Sterling Natural Resource Center

About the Project

The Sterling Natural Resource Center (SNRC) is a state-of-the-art facility in Highland, California, that will provide a sustainable new water supply to boost the region's water independence. 

Capable of treating up to 8 million gallons a day, the SNRC will recharge the local Bunker Hill Groundwater Basin and create new opportunities for the surrounding community in the form of:

Community Benefits

The SNRC's Treatment Facility is anticipated to begin operations in 2024. 

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The SNRC was constructed on a 20-acre parcel of land. The Treatment Facility is located on the eastern property while the Administration Center is located on the western parcel. The collection/conveyance pipelines would be constructed along the existing rights of way.

Sterling Natural Resource Center Address
25318 5th Street
Highland CA 92410

SNRC Location

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  1. Water Recycling
  2. Maximizing Resources
  3. Construction
  4. FAQs

Replenishing the Local Water Supply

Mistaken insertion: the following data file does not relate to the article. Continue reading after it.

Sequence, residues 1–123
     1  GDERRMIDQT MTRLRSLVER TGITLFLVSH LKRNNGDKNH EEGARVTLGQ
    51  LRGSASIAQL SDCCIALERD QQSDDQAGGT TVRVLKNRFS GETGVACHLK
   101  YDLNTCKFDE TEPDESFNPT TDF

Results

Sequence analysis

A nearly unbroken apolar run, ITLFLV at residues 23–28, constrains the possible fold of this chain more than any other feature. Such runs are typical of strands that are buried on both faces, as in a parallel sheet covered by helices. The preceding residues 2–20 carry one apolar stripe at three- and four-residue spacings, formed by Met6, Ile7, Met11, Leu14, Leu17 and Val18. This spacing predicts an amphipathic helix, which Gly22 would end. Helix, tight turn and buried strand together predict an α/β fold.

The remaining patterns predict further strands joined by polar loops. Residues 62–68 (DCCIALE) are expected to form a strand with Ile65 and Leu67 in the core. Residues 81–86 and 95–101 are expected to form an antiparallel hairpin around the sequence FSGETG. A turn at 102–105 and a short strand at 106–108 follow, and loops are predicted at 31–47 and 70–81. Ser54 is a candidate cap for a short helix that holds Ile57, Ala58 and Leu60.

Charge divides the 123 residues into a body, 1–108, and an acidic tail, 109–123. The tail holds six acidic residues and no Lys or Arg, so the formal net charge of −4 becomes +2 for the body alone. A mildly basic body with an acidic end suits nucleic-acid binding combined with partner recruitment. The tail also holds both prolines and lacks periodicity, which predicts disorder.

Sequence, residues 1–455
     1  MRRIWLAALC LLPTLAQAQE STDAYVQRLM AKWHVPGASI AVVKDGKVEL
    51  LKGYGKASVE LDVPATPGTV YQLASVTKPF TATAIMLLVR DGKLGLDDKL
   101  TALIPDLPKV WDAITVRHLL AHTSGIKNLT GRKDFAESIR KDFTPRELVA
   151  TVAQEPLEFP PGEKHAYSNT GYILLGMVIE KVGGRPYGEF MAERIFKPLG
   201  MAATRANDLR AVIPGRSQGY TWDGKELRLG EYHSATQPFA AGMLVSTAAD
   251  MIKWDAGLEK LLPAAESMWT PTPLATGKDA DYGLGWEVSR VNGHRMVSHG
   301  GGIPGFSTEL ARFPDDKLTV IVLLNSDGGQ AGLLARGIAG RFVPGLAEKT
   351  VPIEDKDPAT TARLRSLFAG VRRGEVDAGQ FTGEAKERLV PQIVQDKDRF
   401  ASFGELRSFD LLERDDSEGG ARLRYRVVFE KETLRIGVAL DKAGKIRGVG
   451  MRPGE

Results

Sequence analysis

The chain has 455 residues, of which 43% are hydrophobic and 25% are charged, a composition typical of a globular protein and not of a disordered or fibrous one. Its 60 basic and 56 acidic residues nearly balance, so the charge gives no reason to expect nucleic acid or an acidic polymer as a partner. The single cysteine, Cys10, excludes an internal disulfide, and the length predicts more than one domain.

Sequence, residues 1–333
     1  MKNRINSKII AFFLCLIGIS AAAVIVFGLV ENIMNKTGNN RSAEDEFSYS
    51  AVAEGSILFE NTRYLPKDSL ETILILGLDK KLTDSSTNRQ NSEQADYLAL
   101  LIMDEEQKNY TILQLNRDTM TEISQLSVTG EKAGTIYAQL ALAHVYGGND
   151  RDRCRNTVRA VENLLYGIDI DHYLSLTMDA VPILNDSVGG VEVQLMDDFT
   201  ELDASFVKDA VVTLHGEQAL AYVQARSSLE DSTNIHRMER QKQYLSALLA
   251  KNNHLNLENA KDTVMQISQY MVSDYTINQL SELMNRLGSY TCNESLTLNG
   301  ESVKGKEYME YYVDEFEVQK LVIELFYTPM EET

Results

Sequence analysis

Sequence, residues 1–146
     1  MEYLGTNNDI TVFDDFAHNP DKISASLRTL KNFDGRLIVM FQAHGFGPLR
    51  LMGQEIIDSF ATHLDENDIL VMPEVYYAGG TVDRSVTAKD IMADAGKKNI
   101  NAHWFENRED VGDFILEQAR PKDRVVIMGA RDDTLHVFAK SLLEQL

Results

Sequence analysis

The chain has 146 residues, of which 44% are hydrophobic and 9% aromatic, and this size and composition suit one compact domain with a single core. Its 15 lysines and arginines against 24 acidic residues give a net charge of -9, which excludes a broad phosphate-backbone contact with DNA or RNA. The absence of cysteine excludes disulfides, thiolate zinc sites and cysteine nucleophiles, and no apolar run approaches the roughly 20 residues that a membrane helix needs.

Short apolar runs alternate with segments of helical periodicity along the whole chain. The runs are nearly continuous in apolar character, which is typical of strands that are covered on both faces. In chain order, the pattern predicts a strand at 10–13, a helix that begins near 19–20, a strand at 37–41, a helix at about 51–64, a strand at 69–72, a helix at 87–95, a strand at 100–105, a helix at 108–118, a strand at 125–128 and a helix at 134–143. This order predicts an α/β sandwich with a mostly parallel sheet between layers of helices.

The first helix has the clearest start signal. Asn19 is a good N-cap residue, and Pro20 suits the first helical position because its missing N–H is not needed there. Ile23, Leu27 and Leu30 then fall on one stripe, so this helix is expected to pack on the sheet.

The SNRC will transform and enhance the region's water supply by:

  • Creating a new, local source of water for the community and 600,000 residents in the region.
  • Replenishing the Bunker Hill Basin with recycled water, the region will be able to store hundreds of millions of gallons of water for dry years.
  • This effort creates an opportunity to assist with meeting both local water agencies' needs and environmental commitments.

SNRC Funding Sources Logos

Funding for this Sterling Natural Resource Center project has been provided in full or in part by the Proposition 1 - the Water Quality, Supply, and Infrastructure Improvement Act of 2014 and the Clean Water State Revolving Fund through an agreement with the State Water Resources Control Board. California’s Clean Water State Revolving Fund is capitalized through a variety of funding sources, including grants from the United States Environmental Protection Agency and state bond proceeds. 

The Urban Greening Program is part of California Climate Investments, a statewide program that puts billions of cap-and-trade dollars to work reducing greenhouse gas emissions, strengthening the economy and improving public health and the environment—particularly in disadvantaged communities. The cap-and-trade program also creates a financial incentive for industries to invest in clean technologies and develop innovative ways to reduce pollution. California Climate Investment projects include affordable housing, renewable energy, public transportation, zeroemission vehicles, environmental restoration, more sustainable agriculture, recycling and much more. At least 35 percent of these investments are made in disadvantaged and low-income communities. For more information, visit California Climate Investments.